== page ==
The concept of the transfer of organisational practices can be described by a number of distinctive characteristics. Practices are seen as a combination of individual skills and organisational routines (Winter, 1995), which are routinely used in a part of the organisation. In addition, “best” practice implies that the superiority of a given practice as compared to alternatives within or outside the organisation is confirmed. A transfer of a practice is seen as “a dyadic exchange of organisational knowledge between a source and a recipient unit” (Szulanski, 1996, p. 28). (Top) management typically mandates this exchange and the transfer process be monitored by a “transfer coalition” (Kostova, 1999, p. 317), composed of key managers of the source and the recipient unit. The focus of a practice transfer is on the “exact or partial replication of a web of coordinating relationships connecting specific resources” (Szulanski, 1996, p.28), i.e. on the reconstruction of existing knowledge in a new context. The “Institutionalisation” of the old practice in the new context may be used as a criterion for the success of the practice transfer (Kostova, 1999). The creation of new knowledge is typically not a part of the process.
The characteristics of the traditional concept of practice transfer pose a number of problems. Effective transfer of (best) practices requires transparency about what level of performance is to be considered a best practice and where this practice resides in the organisation, two conditions which in most organisations are at best partially fulfilled. Decision-making by a “transfer coalition” involves people who may be insufficiently informed about the practice and imperfectly motivated to support the transfer. The very concept of “best” practice focuses on the here and now, on existing and identifiable knowledge, thereby ignoring the potential for the creation of new and better knowledge that is inherent in every exchange between specialists from different parts of an organisation. Finally, best practice transfer focuses on the direct, measurable benefit of performance differentials. Abstraction is made from the impact of the exchange process on the motivation of participants and the potential benefits for the attraction and retention of human resources.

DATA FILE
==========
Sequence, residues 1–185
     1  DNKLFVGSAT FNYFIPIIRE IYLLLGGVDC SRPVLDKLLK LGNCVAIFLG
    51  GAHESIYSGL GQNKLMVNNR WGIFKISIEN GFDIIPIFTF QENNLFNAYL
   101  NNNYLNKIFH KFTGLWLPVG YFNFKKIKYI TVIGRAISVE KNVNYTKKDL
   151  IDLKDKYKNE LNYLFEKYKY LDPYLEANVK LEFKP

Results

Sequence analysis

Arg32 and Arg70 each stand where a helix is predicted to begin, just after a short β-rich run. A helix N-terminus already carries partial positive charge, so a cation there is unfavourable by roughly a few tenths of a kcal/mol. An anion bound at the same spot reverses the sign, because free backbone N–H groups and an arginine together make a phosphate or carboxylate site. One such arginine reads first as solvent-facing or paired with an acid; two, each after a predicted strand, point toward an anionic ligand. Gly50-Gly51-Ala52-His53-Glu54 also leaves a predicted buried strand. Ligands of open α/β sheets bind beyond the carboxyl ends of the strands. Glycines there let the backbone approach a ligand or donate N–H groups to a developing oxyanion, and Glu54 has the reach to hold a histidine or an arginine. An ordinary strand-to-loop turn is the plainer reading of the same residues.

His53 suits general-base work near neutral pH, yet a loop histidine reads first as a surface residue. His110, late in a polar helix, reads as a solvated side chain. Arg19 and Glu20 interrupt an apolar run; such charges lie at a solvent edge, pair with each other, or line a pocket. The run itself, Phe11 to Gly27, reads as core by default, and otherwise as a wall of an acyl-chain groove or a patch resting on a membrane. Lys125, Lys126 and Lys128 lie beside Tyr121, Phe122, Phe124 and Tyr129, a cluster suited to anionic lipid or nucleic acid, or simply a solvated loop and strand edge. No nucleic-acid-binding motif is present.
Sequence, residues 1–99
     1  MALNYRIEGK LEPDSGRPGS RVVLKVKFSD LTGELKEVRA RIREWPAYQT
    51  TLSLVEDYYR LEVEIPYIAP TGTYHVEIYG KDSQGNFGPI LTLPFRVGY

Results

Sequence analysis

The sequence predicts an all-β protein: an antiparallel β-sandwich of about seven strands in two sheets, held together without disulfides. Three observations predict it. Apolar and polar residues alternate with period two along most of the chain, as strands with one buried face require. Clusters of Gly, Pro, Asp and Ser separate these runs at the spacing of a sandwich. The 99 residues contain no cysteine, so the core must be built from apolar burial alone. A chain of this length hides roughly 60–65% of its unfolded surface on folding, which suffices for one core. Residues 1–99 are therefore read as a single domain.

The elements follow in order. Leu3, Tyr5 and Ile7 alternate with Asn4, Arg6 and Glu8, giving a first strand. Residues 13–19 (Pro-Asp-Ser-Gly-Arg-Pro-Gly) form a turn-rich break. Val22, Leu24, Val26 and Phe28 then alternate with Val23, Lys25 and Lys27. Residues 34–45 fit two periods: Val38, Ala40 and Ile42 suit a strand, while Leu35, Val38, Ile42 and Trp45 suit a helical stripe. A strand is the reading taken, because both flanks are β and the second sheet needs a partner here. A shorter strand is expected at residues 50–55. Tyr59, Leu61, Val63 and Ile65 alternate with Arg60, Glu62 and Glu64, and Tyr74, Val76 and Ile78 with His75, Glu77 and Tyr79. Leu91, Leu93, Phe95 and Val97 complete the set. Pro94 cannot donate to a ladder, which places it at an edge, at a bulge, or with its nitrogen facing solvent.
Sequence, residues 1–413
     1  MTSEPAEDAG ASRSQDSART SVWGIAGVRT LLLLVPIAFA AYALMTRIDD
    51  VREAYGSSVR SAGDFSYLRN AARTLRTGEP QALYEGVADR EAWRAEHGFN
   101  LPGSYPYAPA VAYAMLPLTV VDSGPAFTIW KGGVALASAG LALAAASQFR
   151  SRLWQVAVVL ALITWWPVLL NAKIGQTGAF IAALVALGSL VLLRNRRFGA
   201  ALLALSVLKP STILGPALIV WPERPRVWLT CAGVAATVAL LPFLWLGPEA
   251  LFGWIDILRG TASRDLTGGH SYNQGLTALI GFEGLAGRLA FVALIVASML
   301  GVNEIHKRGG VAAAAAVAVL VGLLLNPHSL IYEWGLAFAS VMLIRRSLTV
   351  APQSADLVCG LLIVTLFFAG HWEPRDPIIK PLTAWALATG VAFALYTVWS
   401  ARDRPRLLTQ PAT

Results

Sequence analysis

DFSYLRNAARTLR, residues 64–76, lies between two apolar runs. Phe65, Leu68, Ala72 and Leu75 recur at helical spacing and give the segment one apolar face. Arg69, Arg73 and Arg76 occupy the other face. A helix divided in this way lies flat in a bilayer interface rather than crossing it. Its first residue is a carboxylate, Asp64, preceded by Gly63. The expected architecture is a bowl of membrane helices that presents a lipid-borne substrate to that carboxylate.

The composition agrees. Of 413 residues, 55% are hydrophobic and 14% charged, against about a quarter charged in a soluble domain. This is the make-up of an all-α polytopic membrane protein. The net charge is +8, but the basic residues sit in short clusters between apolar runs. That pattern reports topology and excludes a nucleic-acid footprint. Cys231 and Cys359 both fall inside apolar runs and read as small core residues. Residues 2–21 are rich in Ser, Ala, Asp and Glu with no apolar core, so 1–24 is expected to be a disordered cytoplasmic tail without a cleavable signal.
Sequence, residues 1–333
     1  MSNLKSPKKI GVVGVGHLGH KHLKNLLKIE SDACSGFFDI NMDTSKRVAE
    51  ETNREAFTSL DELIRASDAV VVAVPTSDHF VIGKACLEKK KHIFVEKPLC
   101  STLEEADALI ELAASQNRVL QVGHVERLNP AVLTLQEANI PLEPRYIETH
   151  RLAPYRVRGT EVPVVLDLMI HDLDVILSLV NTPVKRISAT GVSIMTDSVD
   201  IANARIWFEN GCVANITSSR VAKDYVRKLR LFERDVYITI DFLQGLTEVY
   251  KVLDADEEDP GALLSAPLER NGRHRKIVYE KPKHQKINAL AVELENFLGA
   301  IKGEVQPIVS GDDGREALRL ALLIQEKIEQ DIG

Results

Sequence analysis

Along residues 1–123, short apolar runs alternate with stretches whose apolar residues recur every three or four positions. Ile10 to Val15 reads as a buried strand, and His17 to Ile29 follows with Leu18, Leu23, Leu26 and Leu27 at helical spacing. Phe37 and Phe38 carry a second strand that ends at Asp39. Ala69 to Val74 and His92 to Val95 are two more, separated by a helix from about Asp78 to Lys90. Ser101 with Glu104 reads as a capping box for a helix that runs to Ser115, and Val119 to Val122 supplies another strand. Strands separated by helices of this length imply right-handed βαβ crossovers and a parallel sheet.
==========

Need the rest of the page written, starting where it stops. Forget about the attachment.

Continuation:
The emerging notion of “communities of practice” addresses most of the shortcomings outlined above. Communities of practice have been described as “groups of people informally bound together by shared expertise and passion for a joint enterprise” (Nenger & Snyder, 2000, p. 139). The concept of communities of practice takes its roots in theories of “situated learning”. Situated learning proposes a new perspective on the relationship between practice and learning. Rather than viewing “practice” as a simple, replicate element of a learning process (such as practising a golf swing, for instance) it is understood as an ongoing social process of which learning, in turn, is an important element (Lave, 1991; Lave & Wenger, 1991). When seen from this viewpoint, learning happens through “legitimate peripheral participation” in a community of practice, with the ultimate goal of moving towards “full participation” (Lave & Wenger, 1991, p. 37). Thus, learning is not restricted to a context of teaching but happens as a continuous and integral element of social practice.
The parallels to learning in organisations are obvious. The exchange of best practices, i.e. a pure “teaching” process, is one element in the wide range of activities that communities of practice undertake. There are significant differences however, between traditional practice transfer and transfer processes in communities of practice (see Table 1 below). Moreover, effective communities of practice provide benefits that reach beyond the mere exchange of knowledge.
|Transfer Of Best Practice||Communities Of Practice|
|Nature Of Practice||
|Impetus For Transfer||
|Direction Of Transfer||